Working on a Poem

Stables in Paddington, Sydney 1900
Image by State Records NSW via Flickr

An old friend in the clergy called last week and asked me if I would like to read a poem at the Carols and Lessons ceremony on Advent Sunday evening. I am always honoured when these requests come to me, and of course flattered that I have been asked.

The wonderful Cicely Berry in her seminal book Voice and the Actor recommends poetry as quite the best material for an actor to work on. She’s on the money. I use it with my students all the time. Why? Because there is the chance to engage with language in a visceral way … emotions are closer to the surface in poetry … and it asks you as the actor to find the ‘size’ in yourself to match the heightened nature of the text. There’s often rhythm and rhyme to play with too, but not always. And of course, finding and revealing character in a very short space of time is a great challenge.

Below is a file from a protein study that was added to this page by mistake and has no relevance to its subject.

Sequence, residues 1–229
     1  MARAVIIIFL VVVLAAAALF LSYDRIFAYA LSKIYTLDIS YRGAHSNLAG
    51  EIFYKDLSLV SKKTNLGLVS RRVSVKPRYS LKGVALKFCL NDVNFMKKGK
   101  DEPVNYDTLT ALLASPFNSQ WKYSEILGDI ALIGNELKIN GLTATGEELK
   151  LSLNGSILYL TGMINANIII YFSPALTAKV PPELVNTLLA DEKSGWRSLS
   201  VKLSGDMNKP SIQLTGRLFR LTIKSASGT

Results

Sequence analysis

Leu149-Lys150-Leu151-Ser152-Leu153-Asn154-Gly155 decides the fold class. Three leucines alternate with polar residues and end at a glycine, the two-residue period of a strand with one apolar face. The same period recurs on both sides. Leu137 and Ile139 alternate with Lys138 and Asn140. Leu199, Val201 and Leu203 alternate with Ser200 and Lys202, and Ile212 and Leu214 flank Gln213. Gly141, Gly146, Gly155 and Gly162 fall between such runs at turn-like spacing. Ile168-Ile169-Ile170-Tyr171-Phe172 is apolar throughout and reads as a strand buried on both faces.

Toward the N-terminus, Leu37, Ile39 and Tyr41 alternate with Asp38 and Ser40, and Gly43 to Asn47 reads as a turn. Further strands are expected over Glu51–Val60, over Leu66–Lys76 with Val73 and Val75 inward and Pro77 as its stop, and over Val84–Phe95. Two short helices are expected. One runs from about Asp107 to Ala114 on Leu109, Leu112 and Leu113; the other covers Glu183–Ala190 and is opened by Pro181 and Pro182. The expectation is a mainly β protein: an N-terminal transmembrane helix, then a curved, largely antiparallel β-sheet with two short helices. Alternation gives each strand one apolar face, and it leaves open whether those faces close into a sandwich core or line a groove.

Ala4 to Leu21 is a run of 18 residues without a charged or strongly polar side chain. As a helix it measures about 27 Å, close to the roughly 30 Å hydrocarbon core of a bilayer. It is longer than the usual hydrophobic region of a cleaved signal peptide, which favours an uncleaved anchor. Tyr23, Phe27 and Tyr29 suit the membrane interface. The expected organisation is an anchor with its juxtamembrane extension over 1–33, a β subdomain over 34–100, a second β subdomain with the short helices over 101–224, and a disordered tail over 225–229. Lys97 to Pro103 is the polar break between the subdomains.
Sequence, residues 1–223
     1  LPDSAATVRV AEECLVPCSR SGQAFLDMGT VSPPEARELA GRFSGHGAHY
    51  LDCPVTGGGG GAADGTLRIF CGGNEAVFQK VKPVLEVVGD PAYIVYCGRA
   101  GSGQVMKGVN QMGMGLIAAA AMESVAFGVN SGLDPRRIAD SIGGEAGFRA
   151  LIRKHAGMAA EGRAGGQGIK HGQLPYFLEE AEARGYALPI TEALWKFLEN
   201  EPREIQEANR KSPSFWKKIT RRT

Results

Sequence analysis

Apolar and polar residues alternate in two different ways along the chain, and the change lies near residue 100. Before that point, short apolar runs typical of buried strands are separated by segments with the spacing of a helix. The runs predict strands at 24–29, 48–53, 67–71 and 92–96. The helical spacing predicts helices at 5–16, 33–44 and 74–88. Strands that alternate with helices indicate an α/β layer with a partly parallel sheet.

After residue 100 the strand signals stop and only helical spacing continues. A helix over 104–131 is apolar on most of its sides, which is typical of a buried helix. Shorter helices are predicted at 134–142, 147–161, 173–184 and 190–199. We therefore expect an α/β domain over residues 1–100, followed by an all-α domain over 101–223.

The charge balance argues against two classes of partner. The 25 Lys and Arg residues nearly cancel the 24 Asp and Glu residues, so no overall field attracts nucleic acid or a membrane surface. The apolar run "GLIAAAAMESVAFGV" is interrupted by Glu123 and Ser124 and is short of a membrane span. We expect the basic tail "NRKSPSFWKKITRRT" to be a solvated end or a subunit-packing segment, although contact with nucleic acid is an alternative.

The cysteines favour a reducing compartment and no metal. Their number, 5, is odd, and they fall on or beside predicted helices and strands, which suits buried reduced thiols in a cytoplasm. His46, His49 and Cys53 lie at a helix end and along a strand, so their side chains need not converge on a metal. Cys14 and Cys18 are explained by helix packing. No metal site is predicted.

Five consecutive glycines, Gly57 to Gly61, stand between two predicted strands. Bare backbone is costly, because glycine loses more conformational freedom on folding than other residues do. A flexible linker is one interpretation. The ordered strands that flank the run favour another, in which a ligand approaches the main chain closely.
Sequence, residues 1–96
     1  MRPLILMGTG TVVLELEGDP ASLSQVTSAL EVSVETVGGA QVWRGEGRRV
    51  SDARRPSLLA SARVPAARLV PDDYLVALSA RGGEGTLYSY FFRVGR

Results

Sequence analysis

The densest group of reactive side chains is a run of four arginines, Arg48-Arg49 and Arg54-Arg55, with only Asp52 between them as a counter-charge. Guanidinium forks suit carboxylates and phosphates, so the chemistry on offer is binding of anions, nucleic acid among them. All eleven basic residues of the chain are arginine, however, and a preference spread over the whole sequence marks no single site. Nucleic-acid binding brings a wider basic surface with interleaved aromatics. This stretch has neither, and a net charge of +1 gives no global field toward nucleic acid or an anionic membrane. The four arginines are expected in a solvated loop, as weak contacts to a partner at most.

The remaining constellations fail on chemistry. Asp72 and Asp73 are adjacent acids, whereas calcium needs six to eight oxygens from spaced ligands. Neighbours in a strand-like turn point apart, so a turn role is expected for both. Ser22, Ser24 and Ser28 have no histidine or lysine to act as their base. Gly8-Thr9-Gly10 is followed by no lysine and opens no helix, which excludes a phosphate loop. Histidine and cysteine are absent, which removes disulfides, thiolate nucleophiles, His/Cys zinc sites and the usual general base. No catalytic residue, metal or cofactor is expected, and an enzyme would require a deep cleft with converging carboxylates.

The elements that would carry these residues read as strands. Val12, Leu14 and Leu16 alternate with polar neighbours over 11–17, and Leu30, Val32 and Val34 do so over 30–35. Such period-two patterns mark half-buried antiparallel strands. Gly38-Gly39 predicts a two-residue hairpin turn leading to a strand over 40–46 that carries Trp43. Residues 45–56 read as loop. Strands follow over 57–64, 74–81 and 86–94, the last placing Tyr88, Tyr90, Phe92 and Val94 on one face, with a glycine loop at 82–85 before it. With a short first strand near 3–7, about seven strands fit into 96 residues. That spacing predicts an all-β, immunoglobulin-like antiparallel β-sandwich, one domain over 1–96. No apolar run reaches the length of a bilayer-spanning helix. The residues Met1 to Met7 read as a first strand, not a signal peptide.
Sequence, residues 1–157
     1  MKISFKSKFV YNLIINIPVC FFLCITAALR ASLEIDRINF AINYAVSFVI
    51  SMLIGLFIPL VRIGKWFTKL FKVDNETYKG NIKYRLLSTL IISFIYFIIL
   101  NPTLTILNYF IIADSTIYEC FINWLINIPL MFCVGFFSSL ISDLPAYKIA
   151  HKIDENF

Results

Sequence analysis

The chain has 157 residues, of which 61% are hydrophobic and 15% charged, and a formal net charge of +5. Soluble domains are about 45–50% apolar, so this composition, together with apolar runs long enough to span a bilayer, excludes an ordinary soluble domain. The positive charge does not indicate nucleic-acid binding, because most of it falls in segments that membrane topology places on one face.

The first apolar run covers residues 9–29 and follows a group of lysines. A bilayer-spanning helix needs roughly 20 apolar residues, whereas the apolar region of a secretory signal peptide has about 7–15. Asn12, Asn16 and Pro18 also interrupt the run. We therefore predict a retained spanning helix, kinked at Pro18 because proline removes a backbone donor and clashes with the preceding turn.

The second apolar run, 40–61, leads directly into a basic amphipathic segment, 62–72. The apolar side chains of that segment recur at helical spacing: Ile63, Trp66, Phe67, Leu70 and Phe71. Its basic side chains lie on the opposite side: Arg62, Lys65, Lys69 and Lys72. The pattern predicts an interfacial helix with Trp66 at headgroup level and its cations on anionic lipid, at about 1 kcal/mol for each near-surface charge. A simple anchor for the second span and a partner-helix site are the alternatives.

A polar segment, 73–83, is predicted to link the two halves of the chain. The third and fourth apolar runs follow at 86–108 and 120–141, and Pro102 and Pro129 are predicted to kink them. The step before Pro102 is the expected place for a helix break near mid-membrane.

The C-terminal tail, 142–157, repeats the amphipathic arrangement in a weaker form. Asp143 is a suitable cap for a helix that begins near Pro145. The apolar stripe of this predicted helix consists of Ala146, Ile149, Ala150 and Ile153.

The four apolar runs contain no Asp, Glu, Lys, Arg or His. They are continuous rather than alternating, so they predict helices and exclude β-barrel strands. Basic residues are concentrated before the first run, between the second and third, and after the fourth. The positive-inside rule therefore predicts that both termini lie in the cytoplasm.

The piece I’m working on is The Innkeeper’s Wife by Clive Sansom, a lovely first-person, chatty monologue about the byre where the Christ child had been born, as she tells it, long ago. She’s talking to a carpenter who’s come to tear down the dilapidated stable and burn the wood. She reminisces about that night and doesn’t understand why she recalls it so vividly. Ah, but we do, of course. Shaking her head, she heads back inside to the inn to serve the customers more wine.

Finding her ‘voice’ to match the tone of the poem is the challenge with this one. Can’t be sentimental; she’s a no-nonsense woman. Her husband died years ago; she’s managed the inn since. There’s the trap in pieces like this, especially with religious text, to sentimentalise the whole thing and spoil the decidedly matter of factness of it all, or of making it too ‘actory.’

I try to find a role model in mind to work on as I prep for any role. Our city’s mayor, a no-nonsense, call-a-spade-a-shovel-if-you-have-to woman springs to mind. Hers is the body mask I will use to bring the Innkeeper’s Wife to life tomorrow evening. Meanwhile, I read and re-read till the cold-read becomes warmer and the text so familiar that I can relax into it.

The poem appears in A Pocket Book of Spiritual Poems collected by Rumer Godden, Hodder and Stoughton 1996.






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